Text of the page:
While Southeast Asia is one of the worst offenders for traveller’s diarrhoea, it also has some world-class street food. Choosing whether to eat the street food or not is a personal choice. If you’re someone who gets sick easily, it might be best to avoid it. Here are some tips for eating street food.
You should also be cautious when consuming raw foods such salads, uncooked vegetables or fruits that can't be peeled. This is because they are often washed using local water - which can become problematic for unsuspecting travellers! Raw or under-cooked meat, fish, shellfish and eggs are also foods you want to be weary of.
If you do happen to get Bali belly, it is recommended to stick to a bland diet. This can help ease the uncomfortable symptoms. Consider only eating when hungry for the first couple of days, until you start feeling back to your usual self!
Don’t let traveller’s diarrhoea or Bali Belly deter you from your travels. While it might be common, there are steps you can take to reduce the risk of getting it. But if you do end up with Bali Belly and you have Cover-More travel insurance, your medical visits can be covered and you’ll be reimbursed for any pre-booked tours or activities you missed* as a result of your Bali Belly. Consider protecting your holiday to Bali with travel insurance, or any other destination you're wanting to travel to.
As we say goodbye to the schoolies, we welcome the rain!
The wet season is here and Christmas is just around the corner. The last couple of weeks have been fairly quiet: I’ve seen customers with Dengue Fever, a small bowel obstruction requiring surgery and continued cases of acute gastroenteritis.
Also known as the dreaded Bali Belly, this is a very common illness here. During the wet season, water is easily contaminated which leads to even more cases.
Not even I could escape it. But thanks to the doctor call out service, I was treated in the comfort of my hotel room and recovered quickly, just in time for the many families arriving in Bali for Christmas and New Year.
- Jody Elliott
Check out our other travel blogs about this popular destination! We can help you fill in your itinerary with what to do there or give you some travel inspiration that will have you booking the next flight over.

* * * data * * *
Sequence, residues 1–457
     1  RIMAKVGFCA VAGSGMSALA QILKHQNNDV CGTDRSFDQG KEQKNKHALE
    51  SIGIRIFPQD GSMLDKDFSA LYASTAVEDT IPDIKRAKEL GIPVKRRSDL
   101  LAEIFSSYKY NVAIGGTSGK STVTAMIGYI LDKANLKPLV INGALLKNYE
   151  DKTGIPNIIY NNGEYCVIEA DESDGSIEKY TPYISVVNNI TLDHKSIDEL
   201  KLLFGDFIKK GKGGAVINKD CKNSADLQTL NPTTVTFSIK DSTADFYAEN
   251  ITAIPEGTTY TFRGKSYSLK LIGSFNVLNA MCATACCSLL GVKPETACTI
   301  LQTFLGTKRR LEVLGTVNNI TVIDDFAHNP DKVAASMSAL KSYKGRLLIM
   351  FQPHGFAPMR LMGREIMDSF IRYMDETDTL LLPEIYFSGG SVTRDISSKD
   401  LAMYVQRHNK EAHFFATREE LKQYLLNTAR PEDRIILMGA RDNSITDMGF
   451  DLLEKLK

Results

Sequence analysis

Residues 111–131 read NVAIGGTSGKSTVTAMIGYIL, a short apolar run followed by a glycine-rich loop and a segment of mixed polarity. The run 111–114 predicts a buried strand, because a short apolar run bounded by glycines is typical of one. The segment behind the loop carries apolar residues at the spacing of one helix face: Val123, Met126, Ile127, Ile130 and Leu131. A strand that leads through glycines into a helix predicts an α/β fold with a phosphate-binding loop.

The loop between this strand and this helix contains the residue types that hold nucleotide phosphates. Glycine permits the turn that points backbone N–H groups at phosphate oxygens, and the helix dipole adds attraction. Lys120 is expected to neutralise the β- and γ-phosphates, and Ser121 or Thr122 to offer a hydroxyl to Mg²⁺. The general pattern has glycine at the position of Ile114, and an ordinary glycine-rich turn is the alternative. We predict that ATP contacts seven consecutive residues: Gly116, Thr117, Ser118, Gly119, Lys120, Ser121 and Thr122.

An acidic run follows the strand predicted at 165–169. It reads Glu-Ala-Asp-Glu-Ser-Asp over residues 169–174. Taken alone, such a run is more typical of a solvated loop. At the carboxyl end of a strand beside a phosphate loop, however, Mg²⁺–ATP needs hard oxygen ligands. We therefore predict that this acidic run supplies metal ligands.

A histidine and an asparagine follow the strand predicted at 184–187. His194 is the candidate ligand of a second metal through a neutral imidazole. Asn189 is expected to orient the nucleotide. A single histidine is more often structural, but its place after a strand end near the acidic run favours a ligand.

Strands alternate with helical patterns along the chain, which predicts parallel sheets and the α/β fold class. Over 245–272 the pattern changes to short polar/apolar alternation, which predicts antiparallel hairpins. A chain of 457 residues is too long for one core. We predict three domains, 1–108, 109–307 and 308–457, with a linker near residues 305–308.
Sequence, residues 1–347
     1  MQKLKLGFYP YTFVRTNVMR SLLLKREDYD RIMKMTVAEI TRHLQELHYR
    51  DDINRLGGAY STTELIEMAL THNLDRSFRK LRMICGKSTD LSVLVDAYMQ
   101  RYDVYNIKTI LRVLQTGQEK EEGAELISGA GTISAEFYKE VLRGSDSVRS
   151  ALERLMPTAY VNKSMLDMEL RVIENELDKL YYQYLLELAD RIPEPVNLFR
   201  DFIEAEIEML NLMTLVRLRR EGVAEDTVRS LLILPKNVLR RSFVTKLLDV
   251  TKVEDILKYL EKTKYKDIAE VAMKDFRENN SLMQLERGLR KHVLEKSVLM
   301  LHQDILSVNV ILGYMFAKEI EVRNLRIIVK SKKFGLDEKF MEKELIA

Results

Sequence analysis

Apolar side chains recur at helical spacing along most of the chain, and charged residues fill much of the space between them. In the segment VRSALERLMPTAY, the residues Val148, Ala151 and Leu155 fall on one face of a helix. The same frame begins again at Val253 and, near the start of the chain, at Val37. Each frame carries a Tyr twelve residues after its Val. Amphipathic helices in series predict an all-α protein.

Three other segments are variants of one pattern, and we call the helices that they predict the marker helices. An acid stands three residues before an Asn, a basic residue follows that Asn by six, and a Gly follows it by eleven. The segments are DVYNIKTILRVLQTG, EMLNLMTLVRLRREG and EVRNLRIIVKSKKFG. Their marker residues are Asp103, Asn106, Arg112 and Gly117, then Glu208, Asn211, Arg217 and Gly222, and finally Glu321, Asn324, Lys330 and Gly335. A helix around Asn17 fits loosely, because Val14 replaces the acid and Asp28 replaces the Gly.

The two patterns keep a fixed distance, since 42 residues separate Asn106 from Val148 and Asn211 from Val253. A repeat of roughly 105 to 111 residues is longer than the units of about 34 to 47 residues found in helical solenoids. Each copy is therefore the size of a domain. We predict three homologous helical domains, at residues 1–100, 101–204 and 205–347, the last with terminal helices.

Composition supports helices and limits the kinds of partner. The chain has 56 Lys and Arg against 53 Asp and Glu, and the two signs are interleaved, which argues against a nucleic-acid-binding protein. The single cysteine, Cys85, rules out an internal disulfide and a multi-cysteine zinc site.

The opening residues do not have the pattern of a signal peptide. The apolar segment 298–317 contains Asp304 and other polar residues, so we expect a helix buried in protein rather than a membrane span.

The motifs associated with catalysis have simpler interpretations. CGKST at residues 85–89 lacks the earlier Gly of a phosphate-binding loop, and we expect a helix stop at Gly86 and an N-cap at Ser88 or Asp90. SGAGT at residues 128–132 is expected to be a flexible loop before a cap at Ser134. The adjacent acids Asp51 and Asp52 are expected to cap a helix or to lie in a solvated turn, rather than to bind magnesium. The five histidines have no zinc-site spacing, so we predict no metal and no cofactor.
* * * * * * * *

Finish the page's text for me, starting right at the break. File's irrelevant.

Consider protecting your trip with our Bali travel insurance.
*The International Premium Plan and the Inbound Plan do not automatically include cancellation cover. You can add the amount of the cancellation cover that suits you. Limits, exclusions and conditions apply. Refer to the Combined PDS/FSG for full details.
The views, opinions and positions expressed by the authors and those providing comments are theirs alone, and do not necessarily reflect those of Cover-More Insurance.
Material on this website is provided for informational purposes only. It is general information and discussion about medicine, health and related subjects may not apply to you as an individual, and is not a substitute for your own doctor’s medical care or advice. The words and other content provided on this website, and in any linked materials, are not intended and should not be construed as medical advice. If the reader or any other person has a medical concern, they should consult with an appropriately licensed physician or other health care worker. Nothing contained on the website is intended to establish a physician-patient relationship, to replace the services of a trained physician or health care professional, or otherwise to be a substitute for professional medical advice, diagnosis, or treatment. The views and opinions expressed on this website have no relation to those of any academic, hospital, practice or other institution with which the authors are affiliated. They do not necessarily reflect the opinions of Cover-More Insurance Services Pty Ltd. Never disregard medical advice or delay seeking medical care because of something you have read on or accessed through this website. If you think you may have a medical emergency, call your doctor or emergency services immediately.